Have you got any wildlife jokes?
Well, I have funny questions people have asked me.
During our nesting work, while the female turtles were on the beach nesting, a woman asked how we knew if the turtle was male or female, after we had just explained that the turtles were on the beach to lay their eggs.
I have trouble hiding when I want to laugh, so my boss quickly sent me away to check on the turtles while she spoke to the lady.
Another time, someone asked one of our interns if turtles could breathe air, which is a valid question from the public, but then the intern turned to another intern and asked them!
It’s a valid question if you don’t know anything about sea turtles. They live in the ocean, and you might not know, but if you’re working with them, you probably shouldn’t have to ask.
What are you currently reading?
A Sand County Almanac! Although I have less time for reading now that the semester is starting.
One day, I’ll try to read the Origin of Species. That’s a life goal. I have it, I just have to get to it.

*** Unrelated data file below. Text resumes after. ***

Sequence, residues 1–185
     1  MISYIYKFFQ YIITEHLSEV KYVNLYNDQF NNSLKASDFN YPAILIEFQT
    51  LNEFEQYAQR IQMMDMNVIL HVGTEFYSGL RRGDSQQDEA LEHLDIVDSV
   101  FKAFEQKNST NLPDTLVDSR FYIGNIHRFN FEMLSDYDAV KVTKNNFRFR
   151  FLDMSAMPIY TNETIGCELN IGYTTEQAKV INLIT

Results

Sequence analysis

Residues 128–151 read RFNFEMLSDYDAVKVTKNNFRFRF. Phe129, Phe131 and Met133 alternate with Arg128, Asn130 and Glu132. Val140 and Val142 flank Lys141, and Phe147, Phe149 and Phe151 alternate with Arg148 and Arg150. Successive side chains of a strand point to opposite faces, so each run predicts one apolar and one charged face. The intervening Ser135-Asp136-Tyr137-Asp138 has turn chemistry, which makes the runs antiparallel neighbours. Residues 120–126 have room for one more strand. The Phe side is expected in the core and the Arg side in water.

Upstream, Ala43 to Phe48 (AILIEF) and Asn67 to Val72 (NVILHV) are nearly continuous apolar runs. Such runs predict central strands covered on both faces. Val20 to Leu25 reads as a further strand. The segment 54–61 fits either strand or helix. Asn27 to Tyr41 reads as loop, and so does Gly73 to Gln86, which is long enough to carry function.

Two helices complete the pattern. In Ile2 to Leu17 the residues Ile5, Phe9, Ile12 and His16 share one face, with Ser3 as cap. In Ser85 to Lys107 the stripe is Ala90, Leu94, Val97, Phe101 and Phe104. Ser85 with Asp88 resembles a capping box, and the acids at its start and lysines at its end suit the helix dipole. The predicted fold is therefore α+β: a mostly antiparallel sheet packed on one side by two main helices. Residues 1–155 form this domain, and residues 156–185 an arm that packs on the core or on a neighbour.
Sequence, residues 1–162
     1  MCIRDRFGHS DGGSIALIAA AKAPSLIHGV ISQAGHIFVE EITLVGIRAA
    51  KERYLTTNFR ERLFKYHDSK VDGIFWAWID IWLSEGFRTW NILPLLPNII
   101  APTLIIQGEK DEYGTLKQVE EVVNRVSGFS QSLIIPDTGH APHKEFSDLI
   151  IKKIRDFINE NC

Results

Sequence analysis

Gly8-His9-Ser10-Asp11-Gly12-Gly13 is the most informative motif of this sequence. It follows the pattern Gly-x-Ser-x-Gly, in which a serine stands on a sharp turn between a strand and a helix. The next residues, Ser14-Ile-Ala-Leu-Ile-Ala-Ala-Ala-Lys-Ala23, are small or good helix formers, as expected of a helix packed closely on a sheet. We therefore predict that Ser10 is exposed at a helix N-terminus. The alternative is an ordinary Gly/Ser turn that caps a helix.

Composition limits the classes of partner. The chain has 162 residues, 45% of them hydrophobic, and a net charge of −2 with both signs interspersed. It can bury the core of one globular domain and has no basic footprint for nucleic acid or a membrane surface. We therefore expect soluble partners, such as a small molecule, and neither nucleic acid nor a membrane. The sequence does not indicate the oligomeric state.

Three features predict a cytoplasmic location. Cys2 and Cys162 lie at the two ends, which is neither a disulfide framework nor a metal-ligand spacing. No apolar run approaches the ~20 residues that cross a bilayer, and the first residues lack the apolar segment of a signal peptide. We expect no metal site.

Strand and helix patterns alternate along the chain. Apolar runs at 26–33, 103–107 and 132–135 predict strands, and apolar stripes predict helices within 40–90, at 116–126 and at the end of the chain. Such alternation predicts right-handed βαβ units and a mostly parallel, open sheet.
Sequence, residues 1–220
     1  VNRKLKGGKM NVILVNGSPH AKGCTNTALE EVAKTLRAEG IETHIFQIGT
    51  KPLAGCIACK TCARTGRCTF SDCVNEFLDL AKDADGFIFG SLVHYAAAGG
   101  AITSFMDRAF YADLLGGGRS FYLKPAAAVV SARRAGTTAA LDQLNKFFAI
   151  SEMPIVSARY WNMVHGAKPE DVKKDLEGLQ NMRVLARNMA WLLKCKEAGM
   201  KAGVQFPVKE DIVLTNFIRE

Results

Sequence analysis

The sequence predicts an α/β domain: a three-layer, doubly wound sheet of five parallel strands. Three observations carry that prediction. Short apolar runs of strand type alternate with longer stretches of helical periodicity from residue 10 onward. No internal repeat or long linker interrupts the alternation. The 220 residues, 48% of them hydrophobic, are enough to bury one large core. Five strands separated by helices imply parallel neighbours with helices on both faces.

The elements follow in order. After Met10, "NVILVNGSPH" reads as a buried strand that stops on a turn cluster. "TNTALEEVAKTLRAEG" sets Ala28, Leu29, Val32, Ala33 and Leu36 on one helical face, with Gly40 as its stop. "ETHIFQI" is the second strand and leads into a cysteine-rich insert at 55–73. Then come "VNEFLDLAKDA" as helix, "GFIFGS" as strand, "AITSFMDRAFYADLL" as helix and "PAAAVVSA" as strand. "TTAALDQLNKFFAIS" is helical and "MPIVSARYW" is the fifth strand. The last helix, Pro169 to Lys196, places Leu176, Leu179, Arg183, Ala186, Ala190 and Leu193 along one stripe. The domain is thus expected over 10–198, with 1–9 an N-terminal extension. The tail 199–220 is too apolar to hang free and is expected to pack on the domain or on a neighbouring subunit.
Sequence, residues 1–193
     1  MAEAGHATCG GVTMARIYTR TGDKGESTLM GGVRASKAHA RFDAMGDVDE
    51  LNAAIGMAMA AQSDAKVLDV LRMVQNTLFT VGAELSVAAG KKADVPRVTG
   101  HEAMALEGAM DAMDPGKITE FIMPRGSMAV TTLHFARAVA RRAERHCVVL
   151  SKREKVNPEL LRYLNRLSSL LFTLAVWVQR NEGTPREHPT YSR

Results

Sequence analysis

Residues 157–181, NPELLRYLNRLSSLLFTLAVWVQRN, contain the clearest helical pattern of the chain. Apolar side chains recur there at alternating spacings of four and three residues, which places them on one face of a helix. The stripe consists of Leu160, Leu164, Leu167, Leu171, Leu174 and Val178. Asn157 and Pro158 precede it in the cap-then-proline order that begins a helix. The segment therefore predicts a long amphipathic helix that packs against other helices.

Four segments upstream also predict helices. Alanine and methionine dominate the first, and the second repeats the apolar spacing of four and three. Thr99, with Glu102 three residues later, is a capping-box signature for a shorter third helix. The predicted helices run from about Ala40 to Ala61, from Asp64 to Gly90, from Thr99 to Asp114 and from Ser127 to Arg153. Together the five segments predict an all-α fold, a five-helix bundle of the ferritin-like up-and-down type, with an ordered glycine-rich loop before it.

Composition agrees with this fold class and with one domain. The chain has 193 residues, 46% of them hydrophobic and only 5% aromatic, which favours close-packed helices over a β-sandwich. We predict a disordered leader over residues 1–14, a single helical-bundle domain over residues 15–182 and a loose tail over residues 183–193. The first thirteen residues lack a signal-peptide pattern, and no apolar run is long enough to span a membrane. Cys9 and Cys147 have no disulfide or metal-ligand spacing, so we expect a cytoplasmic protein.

If you could call yourself back when you started undergrad, what advice would you give?
Get more field experiences, and maybe do a little bit better grade-wise in freshman and sophomore years. I wish I had gotten a little bit more field experience as an undergrad; half of my internships were lab-based. I’ve gotten plenty now though, and this advice is with the benefit of hindsight. I tried a little bit of everything, but now that I know what I like, I would just cut to the chase and do fieldwork.
That said, I loved all the experiences that I had. Maybe not doing one of the lab internships would have effected where I am now.
Who else would you like to see answer these questions?
Is there anything else you’d like to tell people?
Help turtles cross the road, and carry them in the direction they were already going.
Also, if you’re on a beach in Florida, turn off your lights at night.
This interview by Rhett Barker, and lightly edited for clarity by Rhett Barker and Claire Williams.
Thanks to Dan Catizone for sitting down with us.